Help for the Nervous Flyer


One thing I kept telling myself when we started flying as a family of three was, ‘at least we’re used to flying as a family of two.’  The experience is daunting enough without the added stress of feeling out of place, uneasy, or downright scared of flying itself.

While I have never really suffered from anxiety while flying, at least over the act of cruising along at 38,000ft in an aluminum tube (or composite, as is more and more common), Mrs. CruisingAltitude still has her fair share of worries about it.  She’s no big fan of turbulence, the specter of bad weather, or take-off and landing phases, generally.

I completely empathize with her feelings, I really do, even if I do tease her on occasion that after averaging 50,000 flight miles each year, she really should have sorted this out by now.  But fear of flying is a human instinct.

If you also get nervous to fly, these stresses may only be enhanced by now having to deal with them while holding your new baby.  This is fully understandable, every new parent is pre-programmed to think the worst may happen, and the instinct to protect goes into overdrive.

As in many things, the solution, least I hope, is knowledge.  I’m a fairly logical and science-based person, so for me a little research can help assure.  It seems to work for Mrs. CrusisingAltitude as well, when she goes as far as to listen to my mini-lectures on the topic.

The truth of the matter is that the safety and design of commercial aircraft is extremely regulated in every way possible.  They are also highly automated, and have layers of redundancy in their safety systems.  The reason it seems like there are ‘so many crashes’ is that when they happen, they are so rare that the media treats them as a BIG deal.  Not to say they’re not important, but statistically speaking, given the number of people who board commercial flights each day, they’re extremely unlikely.

Aircraft design is also highly regulated, and is rigorously overseen by layers of government authority.  A plane is one of the most tested and scrutinized products ‘on the market.’  A manufacturer must prove the design capable of safe flight in any operating condition, as well as showing that it has wide safety margins, and can withstand heavy turbulence, wind, hail, lightning strikes, hard landings, and even warn its pilots when improper flight conditions are being approached.

While we’re on the issue of turbulence- it’s likely the most common condition a passenger will experience in flight that may cause them to grab for the armrest for dear life.  However, on average, even an experienced flyer has only ever experienced ‘light to moderate’ turbulence on any of their flights. These conditions, though uncomfortable, do not really mean the plane is moving more than 10 to 20 feet vertically.  This is not even approaching a structural or control issue for the plane.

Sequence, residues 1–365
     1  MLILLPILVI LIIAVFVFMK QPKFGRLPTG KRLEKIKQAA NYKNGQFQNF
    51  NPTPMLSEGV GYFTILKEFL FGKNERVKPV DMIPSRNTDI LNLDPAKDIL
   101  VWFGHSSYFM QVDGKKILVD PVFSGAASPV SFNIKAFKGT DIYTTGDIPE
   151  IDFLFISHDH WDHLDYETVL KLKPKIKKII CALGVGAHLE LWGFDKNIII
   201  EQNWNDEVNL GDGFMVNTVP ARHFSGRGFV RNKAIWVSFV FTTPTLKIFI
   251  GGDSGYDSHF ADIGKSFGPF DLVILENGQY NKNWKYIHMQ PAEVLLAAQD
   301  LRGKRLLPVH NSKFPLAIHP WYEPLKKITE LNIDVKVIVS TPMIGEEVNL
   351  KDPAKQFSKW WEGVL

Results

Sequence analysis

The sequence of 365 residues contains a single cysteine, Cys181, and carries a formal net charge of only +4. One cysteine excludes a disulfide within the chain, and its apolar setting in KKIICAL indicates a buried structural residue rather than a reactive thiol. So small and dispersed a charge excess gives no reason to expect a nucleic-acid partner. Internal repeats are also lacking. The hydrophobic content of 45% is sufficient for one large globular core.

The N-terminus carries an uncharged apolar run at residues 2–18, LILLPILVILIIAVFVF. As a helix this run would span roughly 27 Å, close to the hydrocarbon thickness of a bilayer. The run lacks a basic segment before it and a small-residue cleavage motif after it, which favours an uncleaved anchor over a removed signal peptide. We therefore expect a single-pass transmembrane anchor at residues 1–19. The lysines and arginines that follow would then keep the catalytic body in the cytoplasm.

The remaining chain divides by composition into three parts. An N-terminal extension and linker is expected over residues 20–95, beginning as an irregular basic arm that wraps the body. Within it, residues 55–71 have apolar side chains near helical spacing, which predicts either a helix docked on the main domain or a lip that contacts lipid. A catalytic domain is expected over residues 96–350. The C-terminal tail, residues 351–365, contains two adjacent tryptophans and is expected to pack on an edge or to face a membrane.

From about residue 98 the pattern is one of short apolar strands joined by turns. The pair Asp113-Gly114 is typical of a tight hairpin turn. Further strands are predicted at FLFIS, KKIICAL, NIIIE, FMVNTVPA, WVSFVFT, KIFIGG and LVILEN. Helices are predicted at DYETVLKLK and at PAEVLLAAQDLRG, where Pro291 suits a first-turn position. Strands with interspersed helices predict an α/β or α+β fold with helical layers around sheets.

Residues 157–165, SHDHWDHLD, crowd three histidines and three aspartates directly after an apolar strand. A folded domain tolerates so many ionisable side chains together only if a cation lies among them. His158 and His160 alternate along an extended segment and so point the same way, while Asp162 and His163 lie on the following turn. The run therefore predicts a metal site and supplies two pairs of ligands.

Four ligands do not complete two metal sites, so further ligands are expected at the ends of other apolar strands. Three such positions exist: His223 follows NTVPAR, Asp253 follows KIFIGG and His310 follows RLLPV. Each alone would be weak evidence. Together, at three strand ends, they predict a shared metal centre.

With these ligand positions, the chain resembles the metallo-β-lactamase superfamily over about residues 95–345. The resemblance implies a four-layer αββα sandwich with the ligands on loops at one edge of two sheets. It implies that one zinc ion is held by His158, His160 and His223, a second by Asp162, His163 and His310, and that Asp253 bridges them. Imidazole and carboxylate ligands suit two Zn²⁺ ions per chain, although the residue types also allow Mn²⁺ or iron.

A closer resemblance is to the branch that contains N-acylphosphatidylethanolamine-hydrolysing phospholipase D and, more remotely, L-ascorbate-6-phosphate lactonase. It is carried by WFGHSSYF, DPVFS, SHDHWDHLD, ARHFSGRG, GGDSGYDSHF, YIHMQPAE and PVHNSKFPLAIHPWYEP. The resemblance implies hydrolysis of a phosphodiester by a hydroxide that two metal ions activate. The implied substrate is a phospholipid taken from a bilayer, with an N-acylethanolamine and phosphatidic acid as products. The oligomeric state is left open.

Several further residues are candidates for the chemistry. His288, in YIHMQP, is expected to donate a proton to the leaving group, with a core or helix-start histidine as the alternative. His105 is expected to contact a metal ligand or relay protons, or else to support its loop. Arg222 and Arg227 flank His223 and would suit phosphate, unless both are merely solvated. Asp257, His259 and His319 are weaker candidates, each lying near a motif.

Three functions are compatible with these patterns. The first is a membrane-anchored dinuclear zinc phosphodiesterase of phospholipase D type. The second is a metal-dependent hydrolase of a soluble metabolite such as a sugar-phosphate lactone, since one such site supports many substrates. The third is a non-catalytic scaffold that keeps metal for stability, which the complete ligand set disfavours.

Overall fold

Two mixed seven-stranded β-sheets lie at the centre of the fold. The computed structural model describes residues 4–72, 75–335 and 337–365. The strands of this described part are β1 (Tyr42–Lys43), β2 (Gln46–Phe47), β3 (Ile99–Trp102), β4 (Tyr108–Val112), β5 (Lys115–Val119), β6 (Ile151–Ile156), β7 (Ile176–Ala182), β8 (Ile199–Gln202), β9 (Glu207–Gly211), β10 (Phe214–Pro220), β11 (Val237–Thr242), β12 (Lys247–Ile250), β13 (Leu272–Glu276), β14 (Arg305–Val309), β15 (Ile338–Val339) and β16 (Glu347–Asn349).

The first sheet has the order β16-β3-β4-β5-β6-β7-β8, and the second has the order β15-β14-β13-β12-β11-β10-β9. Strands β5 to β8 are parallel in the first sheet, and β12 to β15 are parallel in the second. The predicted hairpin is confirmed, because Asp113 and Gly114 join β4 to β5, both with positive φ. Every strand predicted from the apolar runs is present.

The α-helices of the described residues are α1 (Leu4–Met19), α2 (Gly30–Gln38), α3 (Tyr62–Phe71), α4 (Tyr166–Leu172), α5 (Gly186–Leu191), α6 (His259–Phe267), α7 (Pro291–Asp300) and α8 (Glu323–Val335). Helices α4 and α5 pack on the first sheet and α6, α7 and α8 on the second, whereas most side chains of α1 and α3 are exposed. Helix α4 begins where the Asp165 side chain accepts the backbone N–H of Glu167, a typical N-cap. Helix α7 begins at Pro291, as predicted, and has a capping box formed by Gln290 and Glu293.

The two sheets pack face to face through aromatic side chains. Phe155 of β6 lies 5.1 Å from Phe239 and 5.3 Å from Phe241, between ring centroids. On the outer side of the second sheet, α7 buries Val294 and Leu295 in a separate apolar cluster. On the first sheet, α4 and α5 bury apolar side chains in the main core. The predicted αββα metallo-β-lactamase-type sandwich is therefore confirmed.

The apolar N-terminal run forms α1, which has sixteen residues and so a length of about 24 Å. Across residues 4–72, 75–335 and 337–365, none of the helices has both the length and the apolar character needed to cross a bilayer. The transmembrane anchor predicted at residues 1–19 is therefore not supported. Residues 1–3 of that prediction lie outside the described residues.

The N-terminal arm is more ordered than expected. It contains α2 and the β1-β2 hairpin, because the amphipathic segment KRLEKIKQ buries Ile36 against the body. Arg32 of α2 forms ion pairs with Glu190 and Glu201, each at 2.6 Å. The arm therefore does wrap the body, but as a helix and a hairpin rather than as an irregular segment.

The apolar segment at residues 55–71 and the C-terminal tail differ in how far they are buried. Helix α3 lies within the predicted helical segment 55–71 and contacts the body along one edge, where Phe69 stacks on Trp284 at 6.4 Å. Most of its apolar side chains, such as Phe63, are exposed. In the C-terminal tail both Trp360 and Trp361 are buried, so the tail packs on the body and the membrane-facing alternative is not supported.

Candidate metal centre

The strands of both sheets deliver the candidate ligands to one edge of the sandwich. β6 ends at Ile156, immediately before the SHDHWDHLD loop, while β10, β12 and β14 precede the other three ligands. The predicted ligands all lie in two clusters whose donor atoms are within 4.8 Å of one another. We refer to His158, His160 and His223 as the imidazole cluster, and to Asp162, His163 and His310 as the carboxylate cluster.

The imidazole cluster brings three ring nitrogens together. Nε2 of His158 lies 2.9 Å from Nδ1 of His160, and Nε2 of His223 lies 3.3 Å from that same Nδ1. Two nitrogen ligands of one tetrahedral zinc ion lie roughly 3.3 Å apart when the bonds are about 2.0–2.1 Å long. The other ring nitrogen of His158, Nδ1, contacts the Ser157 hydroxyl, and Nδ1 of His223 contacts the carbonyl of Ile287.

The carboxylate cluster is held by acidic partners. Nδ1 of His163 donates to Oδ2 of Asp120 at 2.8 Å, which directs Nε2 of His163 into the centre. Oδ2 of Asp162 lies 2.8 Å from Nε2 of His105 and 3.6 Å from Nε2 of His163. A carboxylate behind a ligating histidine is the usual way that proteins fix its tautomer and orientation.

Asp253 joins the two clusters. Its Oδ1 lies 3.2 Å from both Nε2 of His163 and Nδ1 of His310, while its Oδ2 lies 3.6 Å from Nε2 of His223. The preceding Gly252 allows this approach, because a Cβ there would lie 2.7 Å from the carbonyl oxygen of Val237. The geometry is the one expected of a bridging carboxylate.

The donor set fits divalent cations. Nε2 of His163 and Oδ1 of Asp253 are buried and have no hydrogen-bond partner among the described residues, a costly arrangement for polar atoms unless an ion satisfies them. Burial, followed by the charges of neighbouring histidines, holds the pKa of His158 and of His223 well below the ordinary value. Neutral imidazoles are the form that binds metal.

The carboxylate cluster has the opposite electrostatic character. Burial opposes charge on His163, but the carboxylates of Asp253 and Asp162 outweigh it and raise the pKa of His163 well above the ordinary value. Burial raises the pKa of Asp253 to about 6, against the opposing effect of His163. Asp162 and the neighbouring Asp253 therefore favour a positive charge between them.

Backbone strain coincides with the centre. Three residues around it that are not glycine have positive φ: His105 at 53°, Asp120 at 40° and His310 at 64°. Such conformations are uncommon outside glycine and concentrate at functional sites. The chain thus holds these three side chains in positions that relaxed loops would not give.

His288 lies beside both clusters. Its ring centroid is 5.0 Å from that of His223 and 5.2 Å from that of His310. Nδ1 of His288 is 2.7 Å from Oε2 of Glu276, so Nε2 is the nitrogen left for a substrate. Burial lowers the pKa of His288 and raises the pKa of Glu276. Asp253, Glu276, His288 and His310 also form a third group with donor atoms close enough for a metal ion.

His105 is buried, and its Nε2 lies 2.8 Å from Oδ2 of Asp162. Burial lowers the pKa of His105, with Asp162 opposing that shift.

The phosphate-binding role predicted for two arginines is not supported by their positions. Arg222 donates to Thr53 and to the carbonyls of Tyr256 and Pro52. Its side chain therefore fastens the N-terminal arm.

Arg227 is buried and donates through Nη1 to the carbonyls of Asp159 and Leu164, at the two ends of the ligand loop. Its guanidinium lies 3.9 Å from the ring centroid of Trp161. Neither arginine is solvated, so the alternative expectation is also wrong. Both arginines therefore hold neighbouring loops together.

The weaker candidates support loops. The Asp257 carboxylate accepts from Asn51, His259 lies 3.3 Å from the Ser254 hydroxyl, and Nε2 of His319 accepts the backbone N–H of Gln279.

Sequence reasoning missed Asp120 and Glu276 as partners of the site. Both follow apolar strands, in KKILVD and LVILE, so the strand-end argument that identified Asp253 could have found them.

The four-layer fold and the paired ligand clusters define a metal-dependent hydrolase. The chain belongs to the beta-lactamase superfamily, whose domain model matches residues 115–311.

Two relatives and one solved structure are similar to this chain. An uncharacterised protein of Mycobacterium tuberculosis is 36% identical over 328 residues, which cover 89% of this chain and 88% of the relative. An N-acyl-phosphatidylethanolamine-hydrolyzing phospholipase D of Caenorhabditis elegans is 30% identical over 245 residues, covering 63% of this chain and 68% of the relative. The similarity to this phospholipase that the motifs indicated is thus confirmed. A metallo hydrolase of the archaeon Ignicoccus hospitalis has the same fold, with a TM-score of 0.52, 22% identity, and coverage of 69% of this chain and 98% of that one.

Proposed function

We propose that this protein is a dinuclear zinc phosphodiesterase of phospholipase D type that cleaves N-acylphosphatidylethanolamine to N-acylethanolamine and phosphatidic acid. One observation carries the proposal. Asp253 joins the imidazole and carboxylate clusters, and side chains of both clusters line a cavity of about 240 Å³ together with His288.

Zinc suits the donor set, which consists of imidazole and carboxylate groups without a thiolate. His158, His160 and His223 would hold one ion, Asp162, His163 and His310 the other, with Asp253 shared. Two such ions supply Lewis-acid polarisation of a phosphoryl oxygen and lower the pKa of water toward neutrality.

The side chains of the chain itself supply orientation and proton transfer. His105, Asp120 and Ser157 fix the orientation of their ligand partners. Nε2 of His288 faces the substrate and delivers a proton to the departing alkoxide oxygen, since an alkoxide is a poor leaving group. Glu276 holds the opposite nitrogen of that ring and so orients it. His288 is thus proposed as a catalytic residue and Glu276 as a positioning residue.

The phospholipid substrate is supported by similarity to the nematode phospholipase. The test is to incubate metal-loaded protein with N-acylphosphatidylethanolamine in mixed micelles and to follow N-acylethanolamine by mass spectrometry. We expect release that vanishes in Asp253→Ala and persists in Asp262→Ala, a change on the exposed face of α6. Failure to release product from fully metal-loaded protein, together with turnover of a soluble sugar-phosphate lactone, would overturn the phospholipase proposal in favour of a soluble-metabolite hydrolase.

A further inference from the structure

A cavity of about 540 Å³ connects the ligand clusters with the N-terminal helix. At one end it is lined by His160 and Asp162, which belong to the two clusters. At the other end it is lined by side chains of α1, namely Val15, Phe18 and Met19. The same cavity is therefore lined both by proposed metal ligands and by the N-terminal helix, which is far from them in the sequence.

One of the best stories from a pilot that’s helped Mrs. CruisingAltitude on bumpy flights comes from an essay by a pilot, who described the reaction in the cockpit when encountering turbulence.  As he put it, ‘you may imagine the scene as the pilot fighting for control of the bounding aircraft, but really, that’s not the case.  In fact, aside from making a small adjustment to the forward speed to reduce the forces on the airfame over time, the discussion might go something like this:

Pilot: “It’s getting a little bumpy, I’m going to turn on the seatbelt sign.”

First Officer: “Okay.”

Pilot: “Oh man, some of my orange just spilled, do you have any spare napkins over there?”

First Officer: “Sure, here you go.”

Now, whenever things get bumpy, she just ‘thinks about orange juice’ and she says it helps.  Just about any turbulence that you may encounter in your flying is more or less a nuisance, rather than a safety issue.  Even extreme turbulence, the kind most people will never experience, is a hazard, not because it causes any damage to the plane, but because people don’t have their seatbelts on, and hit the top or sides of the cabin.

The most basic fact about air travel, is that it’s statistically orders of magnitude safer than driving your car to work each day, or walking across the street.  If you need a real life microcosm of this- I once spent a weekend flying over 10,000 miles domestically, in the winter, with snow, completely safely…only to get hit by a distracted driver on the 405 freeway on the way home from the airport!

Overall, familiarity with flying, and taking the experience one step at a time will go a long way to ease anxiety about the process.  Do your research before you go, try to plan some fun activities and treats for the flight time & take a deep breath.  You’ll be fine!